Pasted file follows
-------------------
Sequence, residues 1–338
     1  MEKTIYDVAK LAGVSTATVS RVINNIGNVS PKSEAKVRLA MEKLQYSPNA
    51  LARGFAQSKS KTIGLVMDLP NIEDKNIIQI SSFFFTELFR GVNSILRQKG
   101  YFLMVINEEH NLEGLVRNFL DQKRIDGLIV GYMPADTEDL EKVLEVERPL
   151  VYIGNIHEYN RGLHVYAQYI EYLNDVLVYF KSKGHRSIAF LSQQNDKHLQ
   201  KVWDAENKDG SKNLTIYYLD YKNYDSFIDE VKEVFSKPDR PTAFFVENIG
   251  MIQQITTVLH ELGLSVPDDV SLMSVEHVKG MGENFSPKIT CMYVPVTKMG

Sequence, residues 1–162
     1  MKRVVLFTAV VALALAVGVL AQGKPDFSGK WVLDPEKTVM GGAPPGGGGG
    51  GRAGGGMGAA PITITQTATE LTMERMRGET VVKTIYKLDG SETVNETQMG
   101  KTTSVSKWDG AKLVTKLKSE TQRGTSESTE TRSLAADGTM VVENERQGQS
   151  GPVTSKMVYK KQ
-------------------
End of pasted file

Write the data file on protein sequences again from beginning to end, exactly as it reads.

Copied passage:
Sequence, residues 1–338
     1  MEKTIYDVAK LAGVSTATVS RVINNIGNVS PKSEAKVRLA MEKLQYSPNA
    51  LARGFAQSKS KTIGLVMDLP NIEDKNIIQI SSFFFTELFR GVNSILRQKG
   101  YFLMVINEEH NLEGLVRNFL DQKRIDGLIV GYMPADTEDL EKVLEVERPL
   151  VYIGNIHEYN RGLHVYAQYI EYLNDVLVYF KSKGHRSIAF LSQQNDKHLQ
   201  KVWDAENKDG SKNLTIYYLD YKNYDSFIDE VKEVFSKPDR PTAFFVENIG
   251  MIQQITTVLH ELGLSVPDDV SLMSVEHVKG MGENFSPKIT CMYVPVTKMG

Sequence, residues 1–162
     1  MKRVVLFTAV VALALAVGVL AQGKPDFSGK WVLDPEKTVM GGAPPGGGGG
    51  GRAGGGMGAA PITITQTATE LTMERMRGET VVKTIYKLDG SETVNETQMG
   101  KTTSVSKWDG AKLVTKLKSE TQRGTSESTE TRSLAADGTM VVENERQGQS
   151  GPVTSKMVYK KQ